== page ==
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Scotland opens door to possible e-scooter trials

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Scotland’s Cabinet Secretary for Transport Fiona Hyslop has said that e-scooters will “inevitably” be legalised in the country.

All e-scooters are currently prohibited from being ridden on Scottish roads and pavements.

In an interview with The Scotsman, Ms Hyslop hinted at the possibility of Scotland participating in the e-scooter trials, which comes shortly after the UK Department for Transport extended e-scooter trials for the fourth time south of the Scottish border.

“When the UK Government announced that trials were to take place, a deadline was set for local authorities to register their interest in participating,” a Transport Scotland spokesperson told Zag Daily. “This deadline was set without consultation or advance notice being given to the Scottish Government, and therefore did not provide enough time for the relevant Scottish legislative changes to be made in the context of resources being deployed to respond to the pandemic.

“As a result, it was not possible for any trials to take place in Scotland, however we will continue to engage with the Department for Transport on developments in this area.”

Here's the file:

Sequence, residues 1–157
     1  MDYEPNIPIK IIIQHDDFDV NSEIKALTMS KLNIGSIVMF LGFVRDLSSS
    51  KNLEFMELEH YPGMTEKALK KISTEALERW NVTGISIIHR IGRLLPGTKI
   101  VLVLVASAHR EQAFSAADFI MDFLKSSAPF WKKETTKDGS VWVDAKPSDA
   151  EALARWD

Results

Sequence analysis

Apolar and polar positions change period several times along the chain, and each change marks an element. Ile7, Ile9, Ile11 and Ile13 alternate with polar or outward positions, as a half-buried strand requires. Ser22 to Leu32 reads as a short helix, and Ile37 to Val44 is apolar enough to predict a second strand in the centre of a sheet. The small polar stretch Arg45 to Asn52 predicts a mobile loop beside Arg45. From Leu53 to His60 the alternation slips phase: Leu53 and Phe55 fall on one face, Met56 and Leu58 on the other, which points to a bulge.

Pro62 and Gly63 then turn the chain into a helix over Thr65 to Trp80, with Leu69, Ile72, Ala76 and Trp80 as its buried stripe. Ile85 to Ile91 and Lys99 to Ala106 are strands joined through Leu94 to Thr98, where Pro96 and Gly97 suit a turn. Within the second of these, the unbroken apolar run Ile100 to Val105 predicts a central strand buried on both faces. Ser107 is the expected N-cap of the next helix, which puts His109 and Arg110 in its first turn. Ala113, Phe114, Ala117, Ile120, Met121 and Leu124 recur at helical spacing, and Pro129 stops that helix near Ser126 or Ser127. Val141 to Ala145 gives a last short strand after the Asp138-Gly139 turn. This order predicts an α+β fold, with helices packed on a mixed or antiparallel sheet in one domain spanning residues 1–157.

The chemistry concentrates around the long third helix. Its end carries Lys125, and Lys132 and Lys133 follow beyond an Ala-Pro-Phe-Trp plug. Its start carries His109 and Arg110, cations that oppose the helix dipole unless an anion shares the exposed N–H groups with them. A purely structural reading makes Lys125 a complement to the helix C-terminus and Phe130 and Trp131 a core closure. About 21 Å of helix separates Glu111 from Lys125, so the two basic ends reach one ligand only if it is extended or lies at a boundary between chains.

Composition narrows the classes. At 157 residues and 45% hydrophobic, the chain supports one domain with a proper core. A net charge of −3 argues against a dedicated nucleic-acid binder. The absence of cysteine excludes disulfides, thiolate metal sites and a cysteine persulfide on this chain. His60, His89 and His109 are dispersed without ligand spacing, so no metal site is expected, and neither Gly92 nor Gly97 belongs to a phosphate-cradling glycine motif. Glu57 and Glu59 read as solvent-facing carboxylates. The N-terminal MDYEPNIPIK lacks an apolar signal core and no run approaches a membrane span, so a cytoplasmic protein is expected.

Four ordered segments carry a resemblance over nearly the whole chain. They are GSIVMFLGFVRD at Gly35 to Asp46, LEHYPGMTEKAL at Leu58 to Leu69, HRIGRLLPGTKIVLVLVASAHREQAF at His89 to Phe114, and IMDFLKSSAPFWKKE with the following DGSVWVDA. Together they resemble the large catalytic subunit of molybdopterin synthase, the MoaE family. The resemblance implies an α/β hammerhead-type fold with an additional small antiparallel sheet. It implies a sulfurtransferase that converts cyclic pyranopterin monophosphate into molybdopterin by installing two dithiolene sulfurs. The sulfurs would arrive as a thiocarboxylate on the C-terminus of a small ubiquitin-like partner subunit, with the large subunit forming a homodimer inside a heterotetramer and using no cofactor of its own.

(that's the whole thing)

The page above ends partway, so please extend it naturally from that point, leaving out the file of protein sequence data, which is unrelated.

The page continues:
According to Transport Scotland, the required Scottish legislative changes include amendments to devolved Primary Legislation, Secondary Legislation and Traffic Regulation Orders.

Welcoming e-scooters in 

National shared transport charity CoMoUK is one player that’s keen to see e-scooter trials cross the Scottish border.

“An e-scooter trial would give Scots a brand new and legal way of trying out this great new form of transport, which could make a significant contribution to helping Scotland and the UK overall meet their climate change targets,” CoMoUK Chief Executive Richard Dilks said.

“This is especially relevant given that Scotland has recently given up trying to meet its shorter-term climate targets.”

CoMoUK particularly advocates for rental e-scooter schemes because of their regulation. According to the charity’s research, just one serious safety incident occurs in every 500,000 trips.

Regulations for rental e-scooters include top speeds, hours of operation, where they can be ridden, technical specifications and rigorous safety standards.

“This is in total contrast to the unregulated and illegal use of e-scooters on public roads and pavements, which is sadly being allowed to shape public perceptions about this mode of transport.”

Ms Hyslop told The Scotsman that the safety of e-scooters will continue to be considered before rental trials are permitted.

Dilks added: “If there is to be a trial of rental e-scooters in Scotland, there should be an open dialogue between the UK and Scottish Governments so any lessons learned south of the border can be shared.”

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